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Economic Analysis of Groundnut Production in Andhra Pradesh

G. P. Sunandini and Irugu Shakuntala Devi

  • Page No:  176 - 179
  • Published online: 16 Nov 2020
  • DOI: HTTPS://DOI.ORG/10.23910/2/2020.0388

  • Abstract
  •  sunandini.gp@gmail.com

For the study on cost of cultivation of groundnut crop in Andhra Pradesh, the data was obtained from Directorate of Economics and Statistics, Ministry of Agriculture, Government of India. The cost of cultivation was found to be Rs. 55142.26. Among the operational costs, labour cost accounted to a major share of 60%, indicating the labour intensive nature of groundnut cultivation. The cost of cultivation and the gross returns analysed during the two periods noted that cost of cultivation (C2) increased by 40% where as A2+FL increased by 52% against the increase of 25% in the gross returns. The cost of production was higher in Andhra Pradesh than other major groundnut producing states Gujarat and Tamil Nadu. The cost of cultivation needs to be reduced by opting good management practices and more mechanization so as to make groundnut cultivation profitable in Andhra Pradesh.

Keywords :   Cost of cultivation, economics, groundnut, returns

  • Introduction

    One of the important legume crops of tropical and semiarid regions is groundnut, major source of edible oil and protein. Groundnut kernels contain 47-53% oil and 25-36% protein (Prasad et al., 2010; Banla et al., 2018; Taru et al., 2008). The major producers of groundnut are India, China and USA, which together account for over two-thirds of global output. Other important producers are Nigeria, Senegal, Sudan and Argentina (Freman et al., 1999). India ranks first in the production of groundnut production among the major edible oilseed crops (Rai et al., 2016). Major states producing groundnut are Gujarat, Rajasthan, Andhra Pradesh, Tamil Nadu, Karnataka, Madhya Pradesh, Telangana, Maharashtra and West Bengal. Andhra Pradesh stands third in groundnut production after Gujarat and Rajasthan (Table 1) . The present study was carried out with an objective of analysing the profitability of groundnut in Andhra Pradesh over the past decade.


  • Materials and Methods

    The cost concepts approach of farm costing is widely used in India (Raju and Rao, 1990). These cost concepts include Cost A1, A2, B1, B2, C1, C2, and C3.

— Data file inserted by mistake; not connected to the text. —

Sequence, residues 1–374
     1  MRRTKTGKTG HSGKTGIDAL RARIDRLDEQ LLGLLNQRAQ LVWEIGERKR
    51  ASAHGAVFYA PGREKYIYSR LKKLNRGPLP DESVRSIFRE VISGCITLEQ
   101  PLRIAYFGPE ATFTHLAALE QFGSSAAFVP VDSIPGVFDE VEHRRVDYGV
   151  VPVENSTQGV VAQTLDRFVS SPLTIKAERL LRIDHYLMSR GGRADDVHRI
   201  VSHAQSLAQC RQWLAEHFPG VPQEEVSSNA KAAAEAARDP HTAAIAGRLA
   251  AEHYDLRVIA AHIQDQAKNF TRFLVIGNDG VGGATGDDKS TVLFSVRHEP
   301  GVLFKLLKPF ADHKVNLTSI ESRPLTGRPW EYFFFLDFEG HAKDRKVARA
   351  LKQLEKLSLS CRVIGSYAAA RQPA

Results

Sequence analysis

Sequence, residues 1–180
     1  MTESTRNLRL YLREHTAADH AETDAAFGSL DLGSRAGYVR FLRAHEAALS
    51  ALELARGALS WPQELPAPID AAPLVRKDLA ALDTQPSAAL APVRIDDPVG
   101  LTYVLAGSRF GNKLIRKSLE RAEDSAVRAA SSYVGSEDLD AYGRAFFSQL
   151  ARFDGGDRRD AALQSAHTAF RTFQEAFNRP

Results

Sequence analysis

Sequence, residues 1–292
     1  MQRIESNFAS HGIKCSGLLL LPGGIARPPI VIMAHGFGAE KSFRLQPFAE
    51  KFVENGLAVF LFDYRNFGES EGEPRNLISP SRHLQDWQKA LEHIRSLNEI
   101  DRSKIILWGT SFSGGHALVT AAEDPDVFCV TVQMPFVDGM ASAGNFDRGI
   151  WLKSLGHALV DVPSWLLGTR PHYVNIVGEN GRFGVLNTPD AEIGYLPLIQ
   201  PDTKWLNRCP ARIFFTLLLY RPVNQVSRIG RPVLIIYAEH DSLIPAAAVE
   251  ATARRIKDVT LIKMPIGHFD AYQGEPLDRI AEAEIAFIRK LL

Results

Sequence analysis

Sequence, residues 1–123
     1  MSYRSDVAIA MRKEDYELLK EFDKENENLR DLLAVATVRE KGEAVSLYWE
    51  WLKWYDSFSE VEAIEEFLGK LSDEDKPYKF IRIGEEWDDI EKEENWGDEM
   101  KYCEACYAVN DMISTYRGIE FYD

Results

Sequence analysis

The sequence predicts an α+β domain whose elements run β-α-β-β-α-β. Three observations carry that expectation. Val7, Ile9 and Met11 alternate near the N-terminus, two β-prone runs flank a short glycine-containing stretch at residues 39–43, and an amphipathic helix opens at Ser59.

COST A1includes value of hired human labour, value of hired bullock labour, value of owned bullock labour, value of owned machinery labour, hired machinery charges, value of seed (both farm produced and purchased), value of insecticides and pesticides, value of manure (owned and purchased), value of fertilizer, depreciation on implements and farm buildings, irrigation charges, land revenue, cess and other taxes, interest on working capital, miscellaneous expenses.

    COST A2=COST A1+rent paid for leased in land

    COST B1=COST A1+interest on value of owned fixed capital assets (excluding land)

    COST B2=COST B1+rental value of owned land (net of land revenue)+rent paid for leased land

    COST C1=COST B1 + imputed value of family labour

    COST C2=COST B2+imputed value of family labour

    COST C3= COST C2+value of management input at 10% of total cost (C2)

    The secondary data pertaining to the cost of cultivation of the groundnut crop for combined Andhra Pradesh for different years were collected from Directorate of Economics and Statistics, Ministry of Agriculture, Government of India. The statistical tools viz., simple averages, trends, percentages, growth rates and regression analysis were applied to analyze the data.


  • Results and Discussion

    3.1.  Costs and returns of groundnut cultivation

    The component wise cost of cultivation of groundnut in Andhra Pradesh state in the past decade (2007-08 to 2016-17) was analysed to know the contribution of different components to the cost of cultivation (Table 2). It was observed that the operational costs accounted for 66% of the total cost, while fixed costs accounted for 34%. It is interesting to note that out of the operational costs, labour cost accounted for 60% indicating the labour intensive nature of groundnut cultivation. Under labour use cost, human labour occupied the major share followed by machine labour cost. Out of the material costs, seed occupied the major share of 22% indicating that seed cost is the major component in groundnut cultivation (Ani et al., 2013).


    3.2.  Difference in the cost of cultivation (C2) (Rs. ha-1) of Groundnut in Andhra Pradesh: Period I (2007-08 to 2011-12) and Period II (2012-13 to 2016-17)

    The difference in the cost  of cultivation (C2) (Rs. ha-1) of groundnut in Andhra Pradesh between two periods Period I (2007-08 to 2011-12) and Period II ( 2012-13 to 2016-17) was analysed and presented in Table 3.